ONE of several, but Indiana’s first
Written together by Sister Jan Craven, Director of the Shrine, and Marketing Manager Jena Thralls
Happy Friday to all!
In just about 24 hours, you and I, along with many others, will be celebrating the new shrine together. That means one day to go! Can you believe it? Mother Theodore is one amazing saint and certainly one-of-a-kind! Speaking of ones, let’s talk about how Mother Theodore is one of 12 U.S. saints, but Indiana’s very first!
Allow me to place this Saint of God among the other 11 U.S. saints that are also as fearless and inspiring as Mother Theodore. Try and name them before you read on …
Isaac Jogues 1607-1646;
Like our own dear Mother Theodore, Jogues was originally a teacher in France. He left that career to work among the Huron Indians in the New World around 1636. During his time in the New World, he was captured by Iroquois and imprisoned. His letters and journals tell how he and his companions were led from village to village, how they were beaten, tortured and forced to watch as their Huron converts were mangled and killed. He eventually met his death as a martyr in 1646.
Jean de Lalande died 1646; Lalande was also part of the same missionary group that Issac Jogues was. As a teenager, he ministered in upstate New York and Canada alongside Father Isaac Jogues. He was martyred on October 19, 1646 when he attempted to recover the slain body of Father Jogues.
Rene Goupil died 1642; Goupil was also one of the North American martyrs along with Jogues and Lalande. He was tomahawked on September 29, 1642, for having made the Sign of the Cross on the brow of some children. Goupil tried hard to be a Jesuit but his health forced him to give up the attempt. He became a surgeon and offered his services to the missionaries.
Kateri Tekakwitha 1656-1680; Kateri was from Auriesville, New York, and she was the daughter of a Mohawk warrior. She is known as “the Lily of Mohawks.” She suffered much hostility within her tribe during her faith conversion, but never lost sight of prayer.
Elizabeth Ann Bayley Seton 1774-1821; Something interesting about this saint is that she was actually married to a businessman, who fathered her five children. Later, her husband died of tuberculosis and his business failed. She was left broken and penniless with five children to support. Later, she found Catholicity and eventually did many great things such as start the first American Catholic Orphanage and founded the first American religious community for women.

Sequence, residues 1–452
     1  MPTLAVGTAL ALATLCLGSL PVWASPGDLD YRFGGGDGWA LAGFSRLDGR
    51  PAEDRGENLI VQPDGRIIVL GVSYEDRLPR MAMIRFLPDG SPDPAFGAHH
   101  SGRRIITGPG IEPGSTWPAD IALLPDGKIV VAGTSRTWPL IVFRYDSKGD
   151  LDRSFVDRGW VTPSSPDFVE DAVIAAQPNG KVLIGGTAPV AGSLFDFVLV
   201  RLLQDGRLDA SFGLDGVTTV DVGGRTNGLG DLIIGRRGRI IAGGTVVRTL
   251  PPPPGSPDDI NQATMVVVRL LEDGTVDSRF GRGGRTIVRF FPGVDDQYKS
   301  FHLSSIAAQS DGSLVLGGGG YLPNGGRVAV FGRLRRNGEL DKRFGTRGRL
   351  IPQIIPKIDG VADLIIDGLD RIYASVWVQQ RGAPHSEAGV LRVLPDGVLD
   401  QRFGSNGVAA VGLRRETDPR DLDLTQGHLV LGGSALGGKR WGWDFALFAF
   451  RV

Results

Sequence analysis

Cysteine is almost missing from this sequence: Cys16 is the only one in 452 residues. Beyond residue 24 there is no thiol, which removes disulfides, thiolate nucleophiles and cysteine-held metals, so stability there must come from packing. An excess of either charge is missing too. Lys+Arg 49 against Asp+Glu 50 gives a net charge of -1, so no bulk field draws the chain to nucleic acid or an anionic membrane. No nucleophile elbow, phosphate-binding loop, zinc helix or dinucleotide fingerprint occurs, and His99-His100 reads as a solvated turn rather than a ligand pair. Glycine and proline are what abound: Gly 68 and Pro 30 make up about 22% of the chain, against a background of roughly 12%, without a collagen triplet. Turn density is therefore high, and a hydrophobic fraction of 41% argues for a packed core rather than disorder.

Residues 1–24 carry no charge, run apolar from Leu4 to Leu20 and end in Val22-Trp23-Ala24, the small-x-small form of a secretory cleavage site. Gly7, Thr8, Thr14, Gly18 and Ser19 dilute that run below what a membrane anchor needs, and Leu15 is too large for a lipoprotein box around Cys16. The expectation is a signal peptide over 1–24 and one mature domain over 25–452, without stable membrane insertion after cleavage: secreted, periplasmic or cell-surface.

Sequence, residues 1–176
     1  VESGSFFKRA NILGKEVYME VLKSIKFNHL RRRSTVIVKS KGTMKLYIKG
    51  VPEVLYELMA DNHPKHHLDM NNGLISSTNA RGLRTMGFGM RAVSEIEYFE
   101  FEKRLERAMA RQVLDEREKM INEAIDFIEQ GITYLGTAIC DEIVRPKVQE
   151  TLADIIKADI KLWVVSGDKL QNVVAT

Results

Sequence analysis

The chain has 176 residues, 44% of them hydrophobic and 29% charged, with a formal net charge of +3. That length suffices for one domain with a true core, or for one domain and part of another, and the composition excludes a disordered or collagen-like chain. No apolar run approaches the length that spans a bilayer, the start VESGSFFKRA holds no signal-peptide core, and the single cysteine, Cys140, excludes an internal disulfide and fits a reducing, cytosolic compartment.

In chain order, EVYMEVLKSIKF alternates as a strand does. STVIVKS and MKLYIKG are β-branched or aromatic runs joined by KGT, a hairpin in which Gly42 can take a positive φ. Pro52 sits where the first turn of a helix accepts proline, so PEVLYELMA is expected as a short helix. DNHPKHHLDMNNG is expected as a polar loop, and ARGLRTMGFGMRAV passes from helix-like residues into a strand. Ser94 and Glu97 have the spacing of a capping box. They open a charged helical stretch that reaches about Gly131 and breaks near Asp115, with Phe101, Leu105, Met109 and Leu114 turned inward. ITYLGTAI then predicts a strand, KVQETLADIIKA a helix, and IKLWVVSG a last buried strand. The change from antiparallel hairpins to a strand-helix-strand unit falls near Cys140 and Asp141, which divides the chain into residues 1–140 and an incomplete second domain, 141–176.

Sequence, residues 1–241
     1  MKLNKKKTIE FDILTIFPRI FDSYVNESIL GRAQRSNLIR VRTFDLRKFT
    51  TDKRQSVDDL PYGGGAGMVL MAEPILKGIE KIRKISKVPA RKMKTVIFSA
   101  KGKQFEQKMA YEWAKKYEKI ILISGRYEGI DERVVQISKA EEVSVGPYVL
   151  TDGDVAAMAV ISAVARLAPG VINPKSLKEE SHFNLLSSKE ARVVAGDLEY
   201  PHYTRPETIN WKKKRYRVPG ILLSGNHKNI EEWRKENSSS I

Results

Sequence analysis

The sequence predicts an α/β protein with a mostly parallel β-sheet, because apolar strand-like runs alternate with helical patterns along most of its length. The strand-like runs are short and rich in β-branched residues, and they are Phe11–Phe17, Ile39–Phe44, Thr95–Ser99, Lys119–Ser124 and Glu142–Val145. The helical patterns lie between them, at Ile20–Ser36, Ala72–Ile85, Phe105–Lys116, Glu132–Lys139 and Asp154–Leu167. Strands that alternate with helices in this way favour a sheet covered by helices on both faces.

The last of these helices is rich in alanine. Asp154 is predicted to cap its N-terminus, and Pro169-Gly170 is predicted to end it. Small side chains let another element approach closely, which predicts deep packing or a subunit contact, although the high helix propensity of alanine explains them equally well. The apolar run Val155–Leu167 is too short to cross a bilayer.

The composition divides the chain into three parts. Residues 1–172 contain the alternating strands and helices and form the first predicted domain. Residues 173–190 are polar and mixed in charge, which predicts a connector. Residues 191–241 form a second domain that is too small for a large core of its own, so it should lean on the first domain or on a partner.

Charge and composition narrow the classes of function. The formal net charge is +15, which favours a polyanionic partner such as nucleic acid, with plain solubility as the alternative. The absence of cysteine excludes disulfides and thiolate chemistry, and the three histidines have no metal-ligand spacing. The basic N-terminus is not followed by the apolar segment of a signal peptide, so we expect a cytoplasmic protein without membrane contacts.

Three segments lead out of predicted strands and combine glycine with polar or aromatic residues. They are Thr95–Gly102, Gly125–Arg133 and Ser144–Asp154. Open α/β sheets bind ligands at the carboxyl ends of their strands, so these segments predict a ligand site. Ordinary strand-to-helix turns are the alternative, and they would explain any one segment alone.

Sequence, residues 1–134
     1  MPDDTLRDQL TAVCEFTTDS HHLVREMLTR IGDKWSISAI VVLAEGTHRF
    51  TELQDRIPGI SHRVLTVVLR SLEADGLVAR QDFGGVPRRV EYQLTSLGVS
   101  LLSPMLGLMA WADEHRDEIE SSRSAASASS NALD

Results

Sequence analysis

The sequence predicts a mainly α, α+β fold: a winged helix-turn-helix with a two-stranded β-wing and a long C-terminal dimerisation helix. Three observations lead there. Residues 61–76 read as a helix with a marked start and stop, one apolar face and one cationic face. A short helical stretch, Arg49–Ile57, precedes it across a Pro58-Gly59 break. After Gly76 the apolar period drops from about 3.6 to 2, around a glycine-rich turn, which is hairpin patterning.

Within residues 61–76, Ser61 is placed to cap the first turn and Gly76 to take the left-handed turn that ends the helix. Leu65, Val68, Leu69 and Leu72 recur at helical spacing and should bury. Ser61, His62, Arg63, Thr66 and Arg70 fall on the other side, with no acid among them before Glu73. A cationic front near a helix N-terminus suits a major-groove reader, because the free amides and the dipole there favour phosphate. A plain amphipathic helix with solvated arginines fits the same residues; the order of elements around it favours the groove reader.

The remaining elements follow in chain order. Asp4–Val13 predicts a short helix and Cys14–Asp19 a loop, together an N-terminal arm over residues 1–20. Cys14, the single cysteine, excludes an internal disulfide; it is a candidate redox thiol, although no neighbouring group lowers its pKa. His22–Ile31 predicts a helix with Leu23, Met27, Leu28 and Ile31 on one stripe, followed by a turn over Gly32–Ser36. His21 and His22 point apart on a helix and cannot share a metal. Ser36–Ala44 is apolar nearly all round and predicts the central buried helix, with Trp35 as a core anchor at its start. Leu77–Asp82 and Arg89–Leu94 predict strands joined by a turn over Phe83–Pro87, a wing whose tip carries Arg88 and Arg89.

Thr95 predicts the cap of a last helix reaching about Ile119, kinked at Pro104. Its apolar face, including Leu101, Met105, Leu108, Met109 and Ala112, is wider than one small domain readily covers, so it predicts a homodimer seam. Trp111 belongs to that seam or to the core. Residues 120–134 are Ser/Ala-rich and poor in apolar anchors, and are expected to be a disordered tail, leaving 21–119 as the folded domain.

Rose-Philippine Duchesne 1769-1852; Yet another born in France! Much like our dear Mother Theodore, Duchesne founded the first house of the Society of the Sacred Heart of Jesus (of France) near St. Louis, Missouri, in a log cabin. She too, was hardened by the frontier and suffered financial barriers.
John Neumann 1811-1860; Neumann often claimed that one must love poverty to be a missionary, and he led a “poor” lifestyle, wearing ragged clothes on a regular basis. It is said that he passed away on a city sidewalk while running an errand, and that the poor have prayed at his tomb ever since.
Damien de Veuster 1840-1889; In the 1860s he traveled to Hawaii in the midst of the spreading disease of leprosy. At the time, this was considered a potential death sentence for Veuster. He served 16 years with the lepers before he passed away.
Marianne Cope 1838-1918; After teaching many years and serving as a superior at St. Joseph’s Hospital in Syracuse numerous times, she was called to Hawaii to take charge of the Kakaako Receiving Station outside of Honolulu, Hawaii. Like Mother Theodore, she also opened up a school for girls as well as a hospital.
Frances Xavier Cabrini 1850-1917; Like Mother Theodore, she had wanted to minister in China, but was sent to the United States. After her journey across the Atlantic Ocean from Italy, she arrived in New York only to find that the house that was intended to be used for her orphanage was not available. The archbishop told her to return to Italy. Despite him, she started an orphanage on her own elsewhere in the United States.
Katharine Drexel 1858-1955; Coming from a wealthy and well-known family at the time, society expected her to marry. Instead, she became a woman religious and used her considerable inheritance to finance their charitable works. She served with the Sisters of the Blessed Sacrament for Indians and Colored for many years.
Mother Theodore Guerin 1798-1856
Then we have our dear Mother Theodore Guerin who, like these other U.S. saints listed above, suffered poverty, sickness and even hostility all to serve other people. What a woman she was! So many religious leaders were sent from overseas in America’s early years to spread peace and love during hard times, and she was one of many. She is one of us. Blessed are we Hoosiers to have this woman as the very first saint of Indiana! There are fifty states and 12 U.S. Saints total. One very special one is here with us in Saint Mary-of-the-Woods, Indiana.
Study these great saints in the days and weeks ahead. One thing I noticed right away is how many of them lived in the same time period as our very own Mother Theodore! See you tomorrow at the Open House!